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Illinois Federation

For Right to Life

Daily News

Friday, June 13, 2008

UK Teen Fearful of Angering Boyfriend's Family Dies from Legal Abortion


A Welsh teenager who died from a "safe and legal" chemical abortion done at home underwent the abortion because she was afraid of the displeasure of her boyfriend and his family, an inquest heard today.


Manon Jones, 18, an A-level student, admitted herself to Southmead Hospital in Bristol, two weeks after having a legal chemical abortion at home.


The inquest heard that while the UK's National Health Service doctors were very adept at helping to abort Jones's six-week old unborn child, when it came to saving her life they neglected to provide her with lifesaving blood transfusions, because they were too busy with another emergency.


Jones' tearful mother Llywela, told the inquest her "bubbly" daughter was "besotted" with her boyfriend, and although she wanted to keep the baby, she was in fear of his family on account of their Muslim religion.


"Manon found it very hard to make a decision to terminate the pregnancy, she wanted to keep the child but there were difficult circumstances which she had to consider with her boyfriend's family and their Muslim religion," Llywela told the inquest.


Llywela Jones traveled to Bristol on June 11, 2005 to be with her daughter, who had taken medication the day before to abort what Mrs. Jones plainly told the inquest she knew to be her grandchild.


"She was scared and I tried to reassure her. It was a very emotional experience for us both to witness her pass her baby and my grandchild into the bedpan," she said.


Jones was in her sixth week of pregnancy - the stage where an embryo develops fingers and toes - at the time of her abortion. Mother and daughter both returned to the hospital on June 12 to complete the legal abortion.


However, within 48 hours after the hospital released her, Jones began to bleed heavily. Jones's boyfriend Naeem Muzzafar took her back to Southmead Hospital on June 15 for a scan, which hospital workers told her was "normal."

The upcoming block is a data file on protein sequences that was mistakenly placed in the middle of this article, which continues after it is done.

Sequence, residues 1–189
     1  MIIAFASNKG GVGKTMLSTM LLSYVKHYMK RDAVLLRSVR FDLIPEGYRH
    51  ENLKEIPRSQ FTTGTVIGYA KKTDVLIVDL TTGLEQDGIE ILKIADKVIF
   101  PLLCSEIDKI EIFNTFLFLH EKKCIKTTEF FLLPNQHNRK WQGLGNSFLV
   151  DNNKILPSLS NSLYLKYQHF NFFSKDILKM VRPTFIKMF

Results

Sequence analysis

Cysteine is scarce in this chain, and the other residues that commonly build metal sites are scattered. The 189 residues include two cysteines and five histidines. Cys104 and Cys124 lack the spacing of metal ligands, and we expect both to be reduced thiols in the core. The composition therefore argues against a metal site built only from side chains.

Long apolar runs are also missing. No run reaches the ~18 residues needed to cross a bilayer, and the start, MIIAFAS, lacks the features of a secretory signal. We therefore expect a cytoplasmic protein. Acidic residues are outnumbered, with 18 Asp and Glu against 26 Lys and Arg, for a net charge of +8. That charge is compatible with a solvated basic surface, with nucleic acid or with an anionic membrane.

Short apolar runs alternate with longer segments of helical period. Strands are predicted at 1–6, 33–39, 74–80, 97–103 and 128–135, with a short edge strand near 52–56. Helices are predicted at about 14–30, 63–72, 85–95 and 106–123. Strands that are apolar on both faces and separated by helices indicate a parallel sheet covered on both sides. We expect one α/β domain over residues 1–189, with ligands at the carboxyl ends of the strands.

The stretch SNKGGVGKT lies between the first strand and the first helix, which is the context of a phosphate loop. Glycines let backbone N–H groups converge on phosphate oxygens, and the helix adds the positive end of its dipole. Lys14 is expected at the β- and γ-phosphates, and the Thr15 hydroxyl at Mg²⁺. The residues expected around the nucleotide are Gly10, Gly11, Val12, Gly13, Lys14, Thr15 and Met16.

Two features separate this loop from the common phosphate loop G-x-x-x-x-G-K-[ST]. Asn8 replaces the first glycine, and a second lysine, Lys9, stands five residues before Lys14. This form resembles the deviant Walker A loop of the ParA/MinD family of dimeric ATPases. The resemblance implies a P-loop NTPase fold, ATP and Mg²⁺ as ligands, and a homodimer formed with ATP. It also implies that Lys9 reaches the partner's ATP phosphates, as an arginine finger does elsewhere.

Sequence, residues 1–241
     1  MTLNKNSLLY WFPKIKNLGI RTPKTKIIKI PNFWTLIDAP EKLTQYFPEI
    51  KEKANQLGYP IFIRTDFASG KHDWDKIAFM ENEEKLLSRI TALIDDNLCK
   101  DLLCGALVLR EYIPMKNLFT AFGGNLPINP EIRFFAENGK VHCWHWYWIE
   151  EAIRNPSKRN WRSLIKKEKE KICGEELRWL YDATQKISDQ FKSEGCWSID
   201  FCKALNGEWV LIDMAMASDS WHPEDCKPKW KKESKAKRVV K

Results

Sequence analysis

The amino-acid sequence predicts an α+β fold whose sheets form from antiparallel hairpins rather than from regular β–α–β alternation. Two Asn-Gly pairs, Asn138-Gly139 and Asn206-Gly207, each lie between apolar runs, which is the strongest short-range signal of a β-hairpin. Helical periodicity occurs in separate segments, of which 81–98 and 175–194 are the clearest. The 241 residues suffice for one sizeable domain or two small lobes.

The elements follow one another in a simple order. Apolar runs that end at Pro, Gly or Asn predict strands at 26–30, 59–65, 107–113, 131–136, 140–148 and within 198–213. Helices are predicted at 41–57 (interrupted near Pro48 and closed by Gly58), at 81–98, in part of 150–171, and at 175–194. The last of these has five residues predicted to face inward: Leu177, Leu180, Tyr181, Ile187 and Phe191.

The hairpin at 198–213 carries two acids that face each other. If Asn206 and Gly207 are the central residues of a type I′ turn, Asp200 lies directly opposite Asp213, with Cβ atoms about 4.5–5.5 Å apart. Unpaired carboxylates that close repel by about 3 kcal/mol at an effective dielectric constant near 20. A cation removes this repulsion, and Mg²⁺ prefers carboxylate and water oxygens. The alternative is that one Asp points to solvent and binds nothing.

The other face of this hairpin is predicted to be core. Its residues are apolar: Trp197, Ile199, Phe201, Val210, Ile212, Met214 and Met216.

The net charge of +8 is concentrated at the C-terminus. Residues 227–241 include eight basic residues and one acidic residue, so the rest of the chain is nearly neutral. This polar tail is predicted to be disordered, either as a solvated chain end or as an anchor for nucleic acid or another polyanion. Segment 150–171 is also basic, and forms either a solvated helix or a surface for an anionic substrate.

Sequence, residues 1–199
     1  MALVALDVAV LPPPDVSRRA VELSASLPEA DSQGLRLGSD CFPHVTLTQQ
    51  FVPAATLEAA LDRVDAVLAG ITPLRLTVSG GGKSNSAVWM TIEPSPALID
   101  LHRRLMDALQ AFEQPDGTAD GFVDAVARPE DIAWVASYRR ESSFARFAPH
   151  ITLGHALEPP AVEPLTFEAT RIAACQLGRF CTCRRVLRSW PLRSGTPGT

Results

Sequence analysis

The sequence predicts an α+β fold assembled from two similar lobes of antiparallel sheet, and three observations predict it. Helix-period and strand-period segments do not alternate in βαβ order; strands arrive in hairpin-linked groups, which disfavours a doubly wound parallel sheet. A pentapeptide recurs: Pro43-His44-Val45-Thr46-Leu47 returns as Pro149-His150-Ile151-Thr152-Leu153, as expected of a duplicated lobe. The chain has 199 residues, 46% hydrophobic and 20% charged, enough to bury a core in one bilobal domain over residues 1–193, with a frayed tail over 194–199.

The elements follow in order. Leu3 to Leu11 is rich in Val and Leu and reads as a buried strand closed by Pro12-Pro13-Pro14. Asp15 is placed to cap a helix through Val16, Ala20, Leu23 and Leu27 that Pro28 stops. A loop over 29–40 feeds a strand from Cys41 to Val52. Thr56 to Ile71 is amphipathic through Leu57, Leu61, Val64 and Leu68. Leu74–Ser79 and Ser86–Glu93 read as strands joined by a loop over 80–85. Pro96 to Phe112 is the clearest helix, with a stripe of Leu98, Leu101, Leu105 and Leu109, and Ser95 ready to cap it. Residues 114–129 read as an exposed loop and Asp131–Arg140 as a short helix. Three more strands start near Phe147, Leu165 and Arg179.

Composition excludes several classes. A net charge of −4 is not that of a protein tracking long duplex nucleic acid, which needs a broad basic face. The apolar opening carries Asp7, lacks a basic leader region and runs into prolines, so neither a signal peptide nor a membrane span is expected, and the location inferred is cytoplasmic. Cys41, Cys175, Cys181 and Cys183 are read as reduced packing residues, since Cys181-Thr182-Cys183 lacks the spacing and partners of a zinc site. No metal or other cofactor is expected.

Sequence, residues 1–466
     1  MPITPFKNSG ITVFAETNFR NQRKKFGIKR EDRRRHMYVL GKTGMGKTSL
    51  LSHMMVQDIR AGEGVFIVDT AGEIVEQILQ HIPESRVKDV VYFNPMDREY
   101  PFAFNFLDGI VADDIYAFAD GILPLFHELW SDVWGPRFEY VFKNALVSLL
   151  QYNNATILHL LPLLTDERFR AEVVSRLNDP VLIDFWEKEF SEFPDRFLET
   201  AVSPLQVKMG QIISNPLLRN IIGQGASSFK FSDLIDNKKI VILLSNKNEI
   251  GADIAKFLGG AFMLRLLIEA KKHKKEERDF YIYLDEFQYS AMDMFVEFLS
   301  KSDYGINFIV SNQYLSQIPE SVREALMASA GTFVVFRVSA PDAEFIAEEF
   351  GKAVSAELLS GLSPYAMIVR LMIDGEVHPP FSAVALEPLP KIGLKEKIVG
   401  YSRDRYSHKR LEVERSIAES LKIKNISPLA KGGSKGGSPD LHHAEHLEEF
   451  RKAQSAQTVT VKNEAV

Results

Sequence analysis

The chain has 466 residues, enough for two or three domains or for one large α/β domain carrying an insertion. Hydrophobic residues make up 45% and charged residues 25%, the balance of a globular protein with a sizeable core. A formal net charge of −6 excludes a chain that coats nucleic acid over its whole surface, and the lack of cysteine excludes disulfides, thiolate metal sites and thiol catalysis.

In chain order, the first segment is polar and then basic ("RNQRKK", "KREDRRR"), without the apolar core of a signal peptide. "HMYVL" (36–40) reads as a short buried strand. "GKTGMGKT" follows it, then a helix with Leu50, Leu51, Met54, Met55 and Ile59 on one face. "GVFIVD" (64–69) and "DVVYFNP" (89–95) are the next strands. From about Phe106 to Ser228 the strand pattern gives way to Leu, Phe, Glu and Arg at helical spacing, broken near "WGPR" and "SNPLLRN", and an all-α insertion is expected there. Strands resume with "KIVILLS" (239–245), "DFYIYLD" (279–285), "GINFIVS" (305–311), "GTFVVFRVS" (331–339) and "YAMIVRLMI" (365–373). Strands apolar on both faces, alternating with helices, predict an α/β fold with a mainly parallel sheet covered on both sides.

Continuing to bleed and feel unwell, Jones returned to Southmead Hospital on June 23, 2005. As she continued to bleed, NHS hospital officials put her on a waiting list for blood transfusions. Jones then went into seizures and cardiac arrest. Without hope of recovery, doctors removed life-support four days later and the girl passed away, devastating her family.


The inquest heard that a post-mortem examination revealed Miss Jones died of hypovolemia, an abnormal decrease in blood volume and shock caused by what officials termed the "retained products of conception" - the remains of Jones's unborn child at 6 weeks gestation.


Obstetrician and gynaecologist Dr. Lucy Jackson, who treated Jones, said she thought Manon Jones's early symptoms did not point to hypovolemia and could wait for a transfusion while she was involved in another emergency.


"If we hadn't been so busy, particularly with the other emergency, we would have had more time and things could have been different."


The inquest continues to investigate Southmead Hospital and the circumstances behind the death of the young woman. 


Contact: Peter J. Smith


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The IFRL is the largest grassroots pro-life organization in Illinois. A non-profit organization, that serves as the state coordinating body for local pro-life chapters representing thousands of Illinois citizens working to restore respect for all human life in our society. The IFRL is composed of people of different political persuasions, various faiths and diverse economic, social and ethnic backgrounds. Since 1973 the Illinois Federation for Right to Life has been working to end abortion and restore legal protection to those members of the human family who are threatened by abortion, infanticide and euthanasia. Diverse though we are, we hold one common belief - that every human being has an inalienable right to life that is precious and must be protected. IFRL is dedicated to restoring the right to life to the unborn, and protection for the disabled and the elderly.   Click here to learn more about the IFRL.